Maple Leafs Hot Stove launched on September 3, 2008, and for the first time ever we can officially write the words:

The Toronto Maple Leafs hockey club has advanced to the second round of the Stanley Cup playoffs!

Your game in 10:

1.   As we speculated after Game 5, Sheldon Keefe decided to run 11 and 7 for this game. Zach Aston-Reese and Sam Lafferty each played under seven minutes in their last game and both have generally struggled all series. On defense, Justin Holl got turnstiled for a goal and had a poor gap on another. All three sat, and Michael Bunting, Timothy Liljegren, and Erik Gustafsson all drew in.

This gave the Leafs added flexibility to bump John Tavares to the top line (which they did), shift around winger combos, and play their top players a bit more. On defense, they spread out the responsibility a bit more and had some specialized roles like using Gustafsson on the second power-play unit. Lots of people hated running 11 and 7, but it has its place on occasion. 

I don’t want to say that it full-on worked tonight based on the way the Leafs played. But in terms of winning, it worked.

2.   Over the six games, the Leafs started well just once. This was another case of Tampa pretty well just tilting the ice from puck drop. The Auston Matthews line, with Matthew Knies on it, started the game and was instantly hemmed in. After the Ryan O’Reilly line went on next, it was just more of the same.

We talked a lot about how passive the Leafs were in the neutral zone throughout the series, running a 1-2-2, but one thing that really stood out as the series went on was just getting pucks out. The Leafs got jammed up the walls constantly and tried to force passing plays instead of chipping pucks out and creating races.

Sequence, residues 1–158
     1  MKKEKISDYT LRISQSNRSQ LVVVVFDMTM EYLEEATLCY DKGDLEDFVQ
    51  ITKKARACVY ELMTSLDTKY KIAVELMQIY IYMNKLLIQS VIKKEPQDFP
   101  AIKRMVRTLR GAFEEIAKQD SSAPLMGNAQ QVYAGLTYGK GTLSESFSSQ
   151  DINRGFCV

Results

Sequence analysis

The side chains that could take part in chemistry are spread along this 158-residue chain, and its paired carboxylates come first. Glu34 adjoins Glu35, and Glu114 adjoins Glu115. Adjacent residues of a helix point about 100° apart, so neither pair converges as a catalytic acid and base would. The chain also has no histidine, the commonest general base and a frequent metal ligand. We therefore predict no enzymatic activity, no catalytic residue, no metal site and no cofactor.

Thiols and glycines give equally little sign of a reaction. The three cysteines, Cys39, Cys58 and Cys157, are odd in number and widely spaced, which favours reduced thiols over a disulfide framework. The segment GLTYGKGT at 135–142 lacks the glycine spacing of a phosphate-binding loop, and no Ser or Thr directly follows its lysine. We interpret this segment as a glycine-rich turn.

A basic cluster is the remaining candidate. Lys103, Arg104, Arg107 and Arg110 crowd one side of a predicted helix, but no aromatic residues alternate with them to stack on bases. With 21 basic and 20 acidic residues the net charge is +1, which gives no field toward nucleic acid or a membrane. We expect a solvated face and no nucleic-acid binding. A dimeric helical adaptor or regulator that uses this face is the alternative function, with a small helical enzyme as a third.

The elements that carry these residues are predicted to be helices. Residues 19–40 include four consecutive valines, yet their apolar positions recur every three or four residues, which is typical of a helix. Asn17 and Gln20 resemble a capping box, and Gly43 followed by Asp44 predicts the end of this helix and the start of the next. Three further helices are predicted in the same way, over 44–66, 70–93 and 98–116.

Tampa had the edge on shot attempts, scoring chances, and expected goals in the first. The Leafs really struggled to contain them. The only break was that Tampa took some penalties to alleviate the pressure.

3.   For all the talk of point shots in this series, it was noticeable that Tampa sent three players to challenge up top on the penalty kill. The Leafs only had two power plays and didn’t create that much from them. Tampa pushed a player up on Rielly and a player up on each of their half-wall players.

If the Leafs got another power play later on in the game, I’d imagine they would have worked Tampa down low, but in real time, they didn’t really adjust. They were trying to set things up from the top of the formation — as they have done throughout the series — and Tampa snuffed it out. There were down-low 2v1s to be had, but they didn’t capitalize on them enough. On one penalty, Tampa created the best chance, turning back a quick 2v1.

4.   Not to be overlooked is that Tampa had two power plays of their own and the Leafs killed them off. It helped that Ilya Samsonov was so good, but the Leafs’ penalty kill was a bit more aggressive on Tampa, not allowing them to just snap around the puck and tee off. The Leafs went 2/2 on the penalty kill.

It should be noted, too, that without Justin Holl, both Luke Schenn and TJ Brodie took penalties and the Leafs still killed them off. Jake McCabe led all defensemen in shorthanded time on ice — which is not something that normally happens — and all of McCabe, Brodie, Timothy Liljegren, Mark Giordano, and Schenn all played notable minutes on the penalty kill and did well.

Stamkos did get some one-timers off, which Holl did a legitimately good job of blocking and preventing, but Samsonov was there (plus one assist to the post).

5.   I thought the Leafs were much better to start the second period in that the game was more about exchanging chances rather than spending it in the Leafs’ end. Both teams came out and had early chances.

In a span of 13 seconds, Auston Matthews blasted three shots. On the third one, it finally went through and it found the back of the net. TJ Brodie did really well to walk the line, square up his body like he was going to shoot, and freeze the play for just a brief second, buying enough time for Matthews to slide over and open up for a one-timer.

Mitch Marner did really well to screen the goalie, and Matthews simply tee’d off, blasting it in.

It made me think of how far that one-timer shot of Matthews’ has come over the years. It wasn’t really a weapon for him early on in his career, but he really worked on it over the years and here he was one-timing home arguably the biggest goal of his career.